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Rationale for Continued Arctic Research    21  BOX 2.2 ARCTIC-RELATED FINDINGS IN CLIMATE CHANGE 2014: IMPACTS, ADAPTATION, AND VULNERABILITY The physical, biological and socio-economic impacts of climate change in the Arctic have to be seen in the context of often interconnected factors that include not only environmental changes caused by drivers other than climate change but also demography, culture, and economic development. The rapid rate at which climate is changing in the Polar Regions will impact natural and social systems (high confidence) and may exceed the rate at which some of their components can successfully adapt (low to medium confidence). Impacts on the health and well-being of Arctic residents from climate change are significant and projected to increase – especially for many indigenous peoples (high confidence) (IPCC, 2014). These knowns are important and establish the foundation for what we do next (Box 2.2). But there are other categories to consider as well, as indicated by the matrix in Table 2.2 that was inspired by R.D. Laing (1970): If I don’t know I don’t know I think I know If I don’t know I know I think I don’t know Most of the reports we examined focus on what we know we need to know, following on as the consequences of what we know. We know that social and environmental changes are leading to increasing urbanization, but we do not know the consequences of this evolution. Warming promotes northward habitat migration and changing seasonal conditions, leading to new hotspots and dead zones in biological productivity, but we do not know where or when. We know that some of the thresholds we are reaching and crossing have analogs deep in the geological record, such as life in a previously ice-diminished and more acidic Arctic Ocean, and we need to explore those system circumstances and responses. We know that we have not profiled or sampled much of the central Arctic Ocean sediments, and that once we do, there are sure to be surprises in our understanding of geologic evolution. Things we think we don’t know are in an important category that is often neglected in scoping out research strategies. This includes things that are known in one community, but largely unknown in others. Traditional knowledge is one example: it has guided the livelihood of indigenous peoples for thousands of years, yet most people who do not live in the Arctic are unaware of its critical observations and known interconnections. Similarly, academic scientific findings, including analyses and interpretations, are often reported in venues and formats that are specific to a discipline, and not accessible or useable by others. Industry research is often proprietary, but could help answer questions if it were widely accessible. Questions posed by stakeholders and decision-makers, as they try to meet the challenges of the changing Arctic, are also important indicators of system responses that are not known by many in the academic Arctic research community. Things we don’t know we don’t know are things that we cannot foresee at this point in time. They include aspects of the system that we have not yet considered, as well as surprise events after which nothing is the same. An example of this was the dramatic loss of the sea ice cover in the summer of 2007 to 23 percent below the previous record low in 2005 (Stroeve et al., 2008), followed by another dramatic decline five years later in 2012 to 50 percent of the sea ice cover only PREPUBLICATION COPY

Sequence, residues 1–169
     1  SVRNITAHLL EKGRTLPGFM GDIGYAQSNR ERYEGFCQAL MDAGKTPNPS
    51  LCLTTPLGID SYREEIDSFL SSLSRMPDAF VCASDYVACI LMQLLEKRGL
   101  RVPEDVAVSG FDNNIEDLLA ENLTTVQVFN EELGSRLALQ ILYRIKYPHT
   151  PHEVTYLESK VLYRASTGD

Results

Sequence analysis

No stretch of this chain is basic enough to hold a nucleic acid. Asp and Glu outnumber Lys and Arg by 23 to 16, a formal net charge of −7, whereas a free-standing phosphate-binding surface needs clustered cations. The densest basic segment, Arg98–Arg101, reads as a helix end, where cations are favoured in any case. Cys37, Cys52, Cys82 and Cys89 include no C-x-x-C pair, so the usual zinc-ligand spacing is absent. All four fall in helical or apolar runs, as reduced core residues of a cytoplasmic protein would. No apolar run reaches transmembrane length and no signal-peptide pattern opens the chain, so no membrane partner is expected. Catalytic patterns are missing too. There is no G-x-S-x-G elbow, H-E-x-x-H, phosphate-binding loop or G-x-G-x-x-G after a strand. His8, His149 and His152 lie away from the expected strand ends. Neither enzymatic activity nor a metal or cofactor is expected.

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22  The Arctic in the Anthropocene: Emerging Research Questions  30 years before (NSIDC6). To prepare for these events, we need to understand the present system, imagine the “what ifs,” and be positioned to detect and respond. To understand the system, investments need to be made in fundamental, exploratory, and process research. To be in position to detect these changes and critical circumstances, we need comprehensive, long-term observing capabilities coupled with periodic snapshots of the entire system to establish baselines, as we did during the International Polar Year (2007-2009). And we need to be able to deploy resources quickly once change or an event is detected. This means that both logistics and funding need to be more flexible in terms of timing and also spatial distribution, from local to national and international scales. The examples in Table 2.1 are illustrative of progress in understanding, issues of current research, informational obstacles that impede progress, and sources of surprises. The table is organized in the following categories: (a) why Arctic research is important (knowns are what we have learned), (b) why emerging questions are worth thinking about (know we need to know are where the next discoveries lie), (c) why we need continued research support and enhanced collaboration (things we think we don’t know are holding us back if we continue to ignore them), and (d) why it’s essential to be open to new things (don’t know we don’t know are where the surprises will come). 6 http://nsidc.org/arcticseaicenews/2012/09/arctic-sea-ice-extent-settles-at-record-seasonal-minimum/ PREPUBLICATION COPY 

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Rationale for Continued Arctic Research    23  TABLE 2.2 Examples from the four categories of knowledge described in the text. (a) Knowns (b) Know we Need to Know  Arctic is warming, more warming is likely  Identify biodiversity hotspots  Changes in phase (increased ice loss/increased  Greater understanding of teleconnections permafrost thawing)  Adaptation and mitigation strategies  Albedo reduction, reduced summer sea ice extent and thickness, reduced snow cover  Sustainable development and resilience strategies  Reduced glacier mass, leading to increased sea  Seasonality of Arctic systems level rise and changes in hydrologic cycle  Cumulative impacts of environmental and social  Increased greening change  Increased variability and disturbances in Arctic  Implications of urbanization systems  Impact of Arctic change on global climate  Increased accessibility and activity (e.g., resource change exploration, shipping, tourism)  Impact of ice loss and calving from Greenland on  Changes in social, economic, cultural, and rate and magnitude of global sea level rise political systems  Arctic atmospheric connections to mid-latitude  Ocean acidification weather  Threats to food security  Community migration  Winter and spring data are lacking  Rate of change and associated implications  How to re-think Arctic engineering  Landscape evolution  Oceanic restructuring  Changes in marine and terrestrial primary production (c) Think we Don’t Know (d) Don’t Know we Don’t Know Knowledge that is known to one group but not others,  Unanticipated and/or extreme environmental including: changes and events  Traditional knowledge  Industry knowledge Knowledge that will emerge through:  Discipline-specific knowledge  Monitoring and long-term observations  Stakeholder and policy maker information needs  Basic research and process studies  Unpublished or unarchived data  Model-observation intercomparison  Analysis of outliers in paleo data  Systems research and research at system interfaces  Exploratory research  Understanding system thresholds and transitions  Rapid response capability PREPUBLICATION COPY